A Face Makes All the Difference
Three recent studies have shed light on just how important the relatable human element is in getting people to support a cause.
A study at Princeton University showed participants photos of poor and homeless people in order to gauge participants’ reactions. The results of the study suggested that Americans tend to dehumanize the poor.
A different study by professors in South Korea and Canada found that literally putting a face on a social cause makes people more sympathetic to it, and therefore, more likely to support it. According to the researchers, this is due to a response called “anticipatory guilt,” which is what people feel when they weigh the benefits of supporting something against the potential guilt they’ll feel if they don’t.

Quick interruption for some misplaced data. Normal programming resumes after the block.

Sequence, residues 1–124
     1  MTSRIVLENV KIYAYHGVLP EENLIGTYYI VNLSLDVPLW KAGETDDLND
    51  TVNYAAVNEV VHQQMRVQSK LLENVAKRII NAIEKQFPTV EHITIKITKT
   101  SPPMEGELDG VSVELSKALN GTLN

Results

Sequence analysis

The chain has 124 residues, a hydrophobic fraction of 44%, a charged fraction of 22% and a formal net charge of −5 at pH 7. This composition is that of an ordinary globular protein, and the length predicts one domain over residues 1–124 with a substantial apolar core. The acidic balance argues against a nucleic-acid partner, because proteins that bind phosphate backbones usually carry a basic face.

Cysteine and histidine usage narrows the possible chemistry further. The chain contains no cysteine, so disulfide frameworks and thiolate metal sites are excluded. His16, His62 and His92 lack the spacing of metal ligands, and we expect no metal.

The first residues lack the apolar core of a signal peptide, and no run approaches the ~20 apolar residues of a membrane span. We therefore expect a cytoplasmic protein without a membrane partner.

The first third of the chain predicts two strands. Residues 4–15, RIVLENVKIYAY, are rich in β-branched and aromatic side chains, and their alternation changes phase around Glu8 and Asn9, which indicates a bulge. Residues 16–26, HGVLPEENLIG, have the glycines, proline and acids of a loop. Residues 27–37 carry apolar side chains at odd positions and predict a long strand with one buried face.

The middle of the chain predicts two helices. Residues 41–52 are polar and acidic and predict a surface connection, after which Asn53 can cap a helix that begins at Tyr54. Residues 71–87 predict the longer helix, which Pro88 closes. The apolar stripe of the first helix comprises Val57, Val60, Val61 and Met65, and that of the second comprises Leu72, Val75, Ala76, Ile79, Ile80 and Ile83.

An additional study conducted by the Princeton University team found that when participants were shown photos of poor and homeless people and then asked what they thought the people in the photos might like to eat – in other words, when the researchers humanized the people in the photos – the study participants reacted far more empathetically than they had to the original photos. Neuroimaging of the study participants’ brains showed activity in parts of the brain where before there had been none. The researchers called this the “soup-kitchen manipulation.”
What do these data mean for the Social Security Administration (SSA)? Well, for one thing, the human face matters. The SSA must continue to work to ensure that beneficiaries are seen as relatable by the rest of the public. Given the results of the first Princeton study, doing so will not be easy, but considering what the other studies suggested, putting a face on the cause will perhaps make public support for the SSA’s programs easier to come by.